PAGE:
Retraining an Azure Machine Learning Application

Mar 26

Written by:
3/26/2017 9:29 AM  RssIcon

 

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You can  programmatically retrain an Azure Machine Learning Web Service thereby improving the predictions of your predictive applications.

This article is part of a series where we create an Azure Machine Learning experiment that predicts the price of a vehicle given parameters such as make, horsepower, and body style. It does that by creating a Model based on prices of previous vehicles. We then operationalize the model by creating a web service. Finally, we consume that web service using an Angular 2+ application.

In this installment, we we will take the output from our Angular 2+ application (that consumes the web service), and update its underlying predictive Model by retraining it using new data produced by the Angular 2+ application (the Angular 2+ application allows the user to record actual prices of vehicles based on the options selected). We will then use this updated web service for future predictions.

The series is as follows:

The Retraining Process

To implement the retraining, we will perform the following functions:

  • Prepare our retraining data - We will export recorded automobile price sales from the Angular 2+ application, and combine that data with the data we used to previously train our Model (each time we retrain our Model, we have to use all the available data).
  • Create a new iLearner file using the Training experiment – We will create a new web service, using the original Auto Price Experiment (not the Auto Price Experiment [Predictive Exp.]). This will allow us to pass the new training data to it and retrieve a new iLearner file that we will use for future improved predictions.
  • Add a new endpoint to the Predictive Web Service and Patch the iLearner file to it -  To consume the new iLearner file, we will add a new web service endpoint to the Auto Price Experiment [Predictive Exp.] web service and perform a Patch to have it use the new iLearner Model. We will then point the Angular 2+ application to this new endpoint for improved predictions.

Prepare The Training Data

Currently our Angular 2+ application calls the endpoint of the Auto Price Experiment [Predictive Exp.] web service:

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This allows us to pass parameters to the predictive Model and receive price predictions.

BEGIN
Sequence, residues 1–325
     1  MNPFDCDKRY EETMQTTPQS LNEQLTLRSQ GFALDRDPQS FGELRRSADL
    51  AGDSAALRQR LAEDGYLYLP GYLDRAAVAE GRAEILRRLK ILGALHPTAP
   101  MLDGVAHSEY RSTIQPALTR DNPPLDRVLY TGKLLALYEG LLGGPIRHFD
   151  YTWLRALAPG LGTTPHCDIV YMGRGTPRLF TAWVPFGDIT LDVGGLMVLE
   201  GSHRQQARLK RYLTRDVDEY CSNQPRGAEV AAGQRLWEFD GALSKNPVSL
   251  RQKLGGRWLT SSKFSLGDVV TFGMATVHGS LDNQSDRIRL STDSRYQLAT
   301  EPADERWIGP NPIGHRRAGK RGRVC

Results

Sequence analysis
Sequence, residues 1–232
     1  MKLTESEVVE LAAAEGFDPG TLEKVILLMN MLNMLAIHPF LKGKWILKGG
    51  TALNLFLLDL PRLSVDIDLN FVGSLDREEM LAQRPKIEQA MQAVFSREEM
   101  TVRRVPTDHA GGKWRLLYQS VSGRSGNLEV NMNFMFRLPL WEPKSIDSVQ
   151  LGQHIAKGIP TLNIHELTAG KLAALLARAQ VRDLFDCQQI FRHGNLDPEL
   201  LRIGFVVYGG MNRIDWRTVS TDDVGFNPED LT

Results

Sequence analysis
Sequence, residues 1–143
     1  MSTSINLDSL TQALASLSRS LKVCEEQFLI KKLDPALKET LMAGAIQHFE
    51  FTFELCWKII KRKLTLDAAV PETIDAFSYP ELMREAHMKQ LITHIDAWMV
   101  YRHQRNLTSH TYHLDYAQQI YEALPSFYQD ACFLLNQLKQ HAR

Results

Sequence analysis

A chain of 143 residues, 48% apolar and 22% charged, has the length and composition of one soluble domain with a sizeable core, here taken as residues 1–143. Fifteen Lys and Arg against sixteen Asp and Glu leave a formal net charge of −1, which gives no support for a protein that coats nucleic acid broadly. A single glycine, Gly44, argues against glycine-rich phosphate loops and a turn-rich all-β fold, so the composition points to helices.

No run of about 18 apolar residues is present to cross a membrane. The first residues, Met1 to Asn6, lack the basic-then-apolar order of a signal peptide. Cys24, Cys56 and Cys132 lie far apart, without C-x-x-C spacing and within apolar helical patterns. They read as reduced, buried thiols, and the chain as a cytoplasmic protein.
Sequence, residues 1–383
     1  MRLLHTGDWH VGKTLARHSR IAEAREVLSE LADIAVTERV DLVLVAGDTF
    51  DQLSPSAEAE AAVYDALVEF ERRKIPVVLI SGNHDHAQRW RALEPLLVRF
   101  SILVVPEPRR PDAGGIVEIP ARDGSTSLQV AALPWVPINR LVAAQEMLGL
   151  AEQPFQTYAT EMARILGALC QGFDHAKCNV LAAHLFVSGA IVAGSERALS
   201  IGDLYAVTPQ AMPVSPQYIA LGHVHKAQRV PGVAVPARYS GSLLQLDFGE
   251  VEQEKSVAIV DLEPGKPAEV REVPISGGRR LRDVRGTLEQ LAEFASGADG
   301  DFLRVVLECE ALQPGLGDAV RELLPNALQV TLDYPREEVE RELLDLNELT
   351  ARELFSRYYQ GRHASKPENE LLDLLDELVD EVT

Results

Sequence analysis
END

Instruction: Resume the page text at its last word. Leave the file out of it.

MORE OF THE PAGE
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The Angular 2+ application also allows us to record prices.

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These prices can be exported to a .csv file.

We will record some prices and export them to a .csv file and save it.

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We will log into the Azure Machine Learning Studio and select the Auto Price Experiment we created earlier.

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We will ensure we have selected the Training Experiment and we will download the Automobile price data (Raw) file.

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We will cut and paste the data from the Angular 2+ application into the file and save it.

We now have our new training data.

Set-up An Azure Storage Account

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We will need an Azure Storage account to perform the retraining process, so if you do not have one, head over to https://portal.azure.com/ and create one.

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Next, download and install the Azure Storage Explorer.

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Run the Azure Storage Explorer.

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Select Add an Azure Account and Sign in.

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Navigate to the Azure storage account you created and expand the tree to show all the nodes.

Right-click on the Blob Containers node and select Create Blob Container.

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Create a container called experimentoutput.

We will use this container to create and store our iLearner Model.

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If you then click on the storage account and then look in the Properties, you can retrieve account name and key.

Us the image above to locate and copy down the following values:

  • StorageAccountName
  • StorageAccountKey
  • StorageContainerName